Caitlin Dickerson is a national immigration reporter based in New York. Since joining The Times in 2016, she has broken news about changes in immigration policy, including that the Trump administration had begun separating migrant families along the southwest border, and chipping away at health and safety standards inside immigration detention centers. She frequently appears as a guest on "The Daily" podcast, and has filled in as its host. This AMA is part of r/IAmA’s “Spotlight on Journalism” project which aims to shine a light on the state of journalism and press freedom in 2018. Join us for a new AMA every day in October. 

Proof: r/https://twitter.com/itscaitlinhd/status/1050025838299815936

Comments: 92 • Responses: 13  • Date: 

TheTrueLordHumungous15 karma

You claim that you broke the news that the Trump administration had begun separating migrant families along the southwest border, but doesnt this polciy actually predate the current administration?

caitlinhd5 karma

I’m glad you asked! Family separation for the purposes of deterrence does not predate the Trump administration. Before Trump, families were only separated if border agents believed that the children could be in danger, but it’s true that agents have always had discretion in deciding who is in danger and who is not. Check out my first answer to InterestingBox and this piece that provides a little more background. https://www.nytimes.com/2018/06/20/us/politics/family-separation-executive-order.html

InterestingBox8 karma

Is the situation at the border re: separations/detentions as bad as they're saying on the news? Have the separations stopped or are they ongoing?

caitlinhd2 karma

It depends what you mean by bad. People often talk about a “crisis at the border” as if immigration is at an all-time high. It’s not. Border crossings have actually gone down over the past couple decades. But it’s true that the numbers of people coming into the United States fluctuate pretty dramatically from month to month, and that can create backups of children or adults.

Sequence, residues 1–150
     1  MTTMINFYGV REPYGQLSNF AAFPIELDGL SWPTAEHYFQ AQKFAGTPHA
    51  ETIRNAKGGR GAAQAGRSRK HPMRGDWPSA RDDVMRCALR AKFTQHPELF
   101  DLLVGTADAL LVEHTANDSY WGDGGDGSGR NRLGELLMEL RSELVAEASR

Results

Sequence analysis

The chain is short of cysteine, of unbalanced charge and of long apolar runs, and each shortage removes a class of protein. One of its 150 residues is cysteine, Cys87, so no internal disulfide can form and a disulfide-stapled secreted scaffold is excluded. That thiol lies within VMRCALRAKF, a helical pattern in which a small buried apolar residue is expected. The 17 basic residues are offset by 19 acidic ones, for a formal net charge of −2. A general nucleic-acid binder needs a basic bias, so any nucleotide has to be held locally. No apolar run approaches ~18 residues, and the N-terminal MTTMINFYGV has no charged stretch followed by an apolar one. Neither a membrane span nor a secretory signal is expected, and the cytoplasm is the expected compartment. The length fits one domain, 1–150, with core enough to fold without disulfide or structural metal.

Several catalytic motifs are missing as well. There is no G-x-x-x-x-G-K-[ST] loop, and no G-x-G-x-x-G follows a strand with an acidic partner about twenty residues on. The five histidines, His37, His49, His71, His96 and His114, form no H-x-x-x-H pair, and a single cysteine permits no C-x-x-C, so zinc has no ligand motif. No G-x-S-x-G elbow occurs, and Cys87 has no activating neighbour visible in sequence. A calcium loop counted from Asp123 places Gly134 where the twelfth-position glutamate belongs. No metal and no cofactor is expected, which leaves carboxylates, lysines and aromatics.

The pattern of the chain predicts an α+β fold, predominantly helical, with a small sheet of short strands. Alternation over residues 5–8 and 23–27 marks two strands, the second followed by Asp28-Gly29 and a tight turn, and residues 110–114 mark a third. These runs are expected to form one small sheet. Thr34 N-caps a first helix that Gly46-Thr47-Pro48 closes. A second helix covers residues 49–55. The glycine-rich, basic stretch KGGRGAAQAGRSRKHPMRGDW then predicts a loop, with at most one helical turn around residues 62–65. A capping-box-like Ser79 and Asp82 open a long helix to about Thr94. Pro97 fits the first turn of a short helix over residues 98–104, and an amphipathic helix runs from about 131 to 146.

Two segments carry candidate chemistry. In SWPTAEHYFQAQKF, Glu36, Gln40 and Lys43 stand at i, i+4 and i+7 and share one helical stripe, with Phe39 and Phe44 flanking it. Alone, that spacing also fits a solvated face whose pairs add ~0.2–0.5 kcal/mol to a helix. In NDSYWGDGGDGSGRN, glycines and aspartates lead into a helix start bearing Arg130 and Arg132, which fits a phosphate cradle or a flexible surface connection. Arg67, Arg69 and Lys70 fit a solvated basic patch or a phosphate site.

As far as we know, large-scale family separations have stopped, and the only children who are being taken from adults are those whom border agents believe could be in danger (if the adult has a violent criminal record or is suspected of being a human smuggler, for example.) However, agents have a lot of discretion to decide who is dangerous and who isn’t, so we still hear from parents who believe they were wrongly separated.

InterestingBox6 karma

Thanks for the reply. By bad I meant whether or not they're still separating children from their families and keeping them in detention facilities by themselves. And if the Administration has met the court order goal of reuniting all of the children they were supposed to with their families. Right-wing media says everything is great - left-wing media says it's a complete clusterfuck. Sometimes it's hard to get an accurate picture what's going on.

caitlinhd12 karma

Sure thing. The government says it has reunited all "eligible" children who were separated from their parents, but about 300 kids whose parents were deemed "ineligible" are still in federal custody today. A lot of their parents were deported to rural villages that are hard to reach. Advocates are currently trying to track the parents down to get the kids home. Some of those parents might choose to have their children stay in the United States without them because of concerns about safety or security (see my answer to carlinha1289!)